Stories from May, 2016
The order to intercept information was secured by military command between 2012-2014, and installed by the Chinese ZTE Corporation. Listening in on citizens is said to have begun in 2013.
Before disappearing, he wrote on Facebook about how his arrest and 'terrorism suspect' label have destroyed his career and livelihood.
As it is impossible to pre-screen live-streamed content, China's public security bureau has set up a police station at the office of major live-streaming platform to oversee what is broadcast.
Ethiopia's state prosecutor conflated digital security training with terrorism. A local judge agreed.
Bulgarian eco-activist Borislav Sandov was sentenced for "insulting" the director of a mining company through a Facebook status. Court of appeals will hear his case at the end of May.
Mapping “disputed” areas could become a crime in India, Nepal gives Canadian man the boot over controversial tweets and a Russian social mediaite is convicted of promoting “separatism” online.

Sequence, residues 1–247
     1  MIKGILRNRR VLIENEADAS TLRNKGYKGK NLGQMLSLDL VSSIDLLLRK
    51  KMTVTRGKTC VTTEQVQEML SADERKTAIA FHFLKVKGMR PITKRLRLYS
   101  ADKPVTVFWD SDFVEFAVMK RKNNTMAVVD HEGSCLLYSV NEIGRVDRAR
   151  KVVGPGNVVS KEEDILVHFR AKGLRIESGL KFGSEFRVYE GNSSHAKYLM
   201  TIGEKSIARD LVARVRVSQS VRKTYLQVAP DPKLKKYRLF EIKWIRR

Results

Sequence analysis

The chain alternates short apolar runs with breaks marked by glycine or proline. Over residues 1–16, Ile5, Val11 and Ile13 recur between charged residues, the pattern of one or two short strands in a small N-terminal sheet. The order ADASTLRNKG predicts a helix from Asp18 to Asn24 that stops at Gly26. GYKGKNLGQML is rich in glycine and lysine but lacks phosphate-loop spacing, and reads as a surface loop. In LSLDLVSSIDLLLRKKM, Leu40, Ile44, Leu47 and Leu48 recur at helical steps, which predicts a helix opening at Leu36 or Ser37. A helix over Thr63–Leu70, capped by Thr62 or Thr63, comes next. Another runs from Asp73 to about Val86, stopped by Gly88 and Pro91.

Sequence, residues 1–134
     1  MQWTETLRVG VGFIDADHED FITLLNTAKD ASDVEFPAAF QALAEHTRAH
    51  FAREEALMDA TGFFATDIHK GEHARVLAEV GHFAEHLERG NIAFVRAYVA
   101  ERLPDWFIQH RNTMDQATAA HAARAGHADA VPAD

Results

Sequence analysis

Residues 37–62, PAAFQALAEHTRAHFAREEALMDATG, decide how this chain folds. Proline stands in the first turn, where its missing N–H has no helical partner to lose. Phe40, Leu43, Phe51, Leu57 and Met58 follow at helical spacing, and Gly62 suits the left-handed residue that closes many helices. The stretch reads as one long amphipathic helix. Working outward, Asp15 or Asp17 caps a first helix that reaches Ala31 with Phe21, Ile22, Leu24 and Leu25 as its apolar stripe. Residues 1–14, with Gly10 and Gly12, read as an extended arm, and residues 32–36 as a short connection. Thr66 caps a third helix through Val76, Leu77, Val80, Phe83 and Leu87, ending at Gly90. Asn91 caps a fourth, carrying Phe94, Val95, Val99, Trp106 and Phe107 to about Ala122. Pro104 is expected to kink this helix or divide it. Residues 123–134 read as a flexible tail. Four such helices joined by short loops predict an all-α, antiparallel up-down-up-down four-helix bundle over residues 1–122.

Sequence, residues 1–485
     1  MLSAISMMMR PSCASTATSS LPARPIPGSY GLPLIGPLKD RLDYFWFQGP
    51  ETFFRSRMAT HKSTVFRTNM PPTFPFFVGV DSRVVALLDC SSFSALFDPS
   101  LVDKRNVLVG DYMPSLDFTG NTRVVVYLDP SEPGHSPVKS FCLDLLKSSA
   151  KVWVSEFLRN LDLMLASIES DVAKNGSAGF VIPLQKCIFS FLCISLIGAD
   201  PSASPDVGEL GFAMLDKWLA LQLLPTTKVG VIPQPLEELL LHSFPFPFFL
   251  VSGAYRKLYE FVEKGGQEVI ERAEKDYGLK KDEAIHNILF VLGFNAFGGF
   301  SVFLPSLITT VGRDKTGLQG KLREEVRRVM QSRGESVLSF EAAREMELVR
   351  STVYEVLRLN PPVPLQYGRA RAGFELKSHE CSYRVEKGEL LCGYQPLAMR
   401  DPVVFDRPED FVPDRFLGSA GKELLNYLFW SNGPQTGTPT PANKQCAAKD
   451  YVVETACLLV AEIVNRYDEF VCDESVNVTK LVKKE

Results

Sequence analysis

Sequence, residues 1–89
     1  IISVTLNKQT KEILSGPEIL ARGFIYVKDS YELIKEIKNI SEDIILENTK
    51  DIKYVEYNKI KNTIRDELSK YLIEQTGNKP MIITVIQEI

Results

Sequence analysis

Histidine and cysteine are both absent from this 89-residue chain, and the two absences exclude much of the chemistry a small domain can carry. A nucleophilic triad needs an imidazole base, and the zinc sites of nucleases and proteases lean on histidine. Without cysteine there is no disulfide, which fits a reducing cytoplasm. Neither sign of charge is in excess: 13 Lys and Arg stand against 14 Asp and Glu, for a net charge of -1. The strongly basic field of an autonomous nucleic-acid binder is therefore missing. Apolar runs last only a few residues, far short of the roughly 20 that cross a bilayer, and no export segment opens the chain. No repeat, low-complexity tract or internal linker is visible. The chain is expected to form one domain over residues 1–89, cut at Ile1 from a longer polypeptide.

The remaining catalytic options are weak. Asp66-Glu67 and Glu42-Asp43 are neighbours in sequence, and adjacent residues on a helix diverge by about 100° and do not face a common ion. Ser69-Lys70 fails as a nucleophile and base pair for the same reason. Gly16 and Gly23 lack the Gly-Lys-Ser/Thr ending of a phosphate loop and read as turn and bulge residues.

The international journalist community reacted with consternation and anger to a leaked database of reporters accredited with the self-proclaimed "Donetsk People's Republic" published by Ukrainian activists.
A new bill in India has been proposed to ban anyone to call the Pakistan and China borders as "disputed areas" along with several other restrictions.
"Darkness hovering over Uganda...VPN is the only way to go now"
A court in Tver region, Russia, has sentenced Internet user Andrey Bubeyev to two years and three months in prison on extremism charges for reposts on social network VKontakte.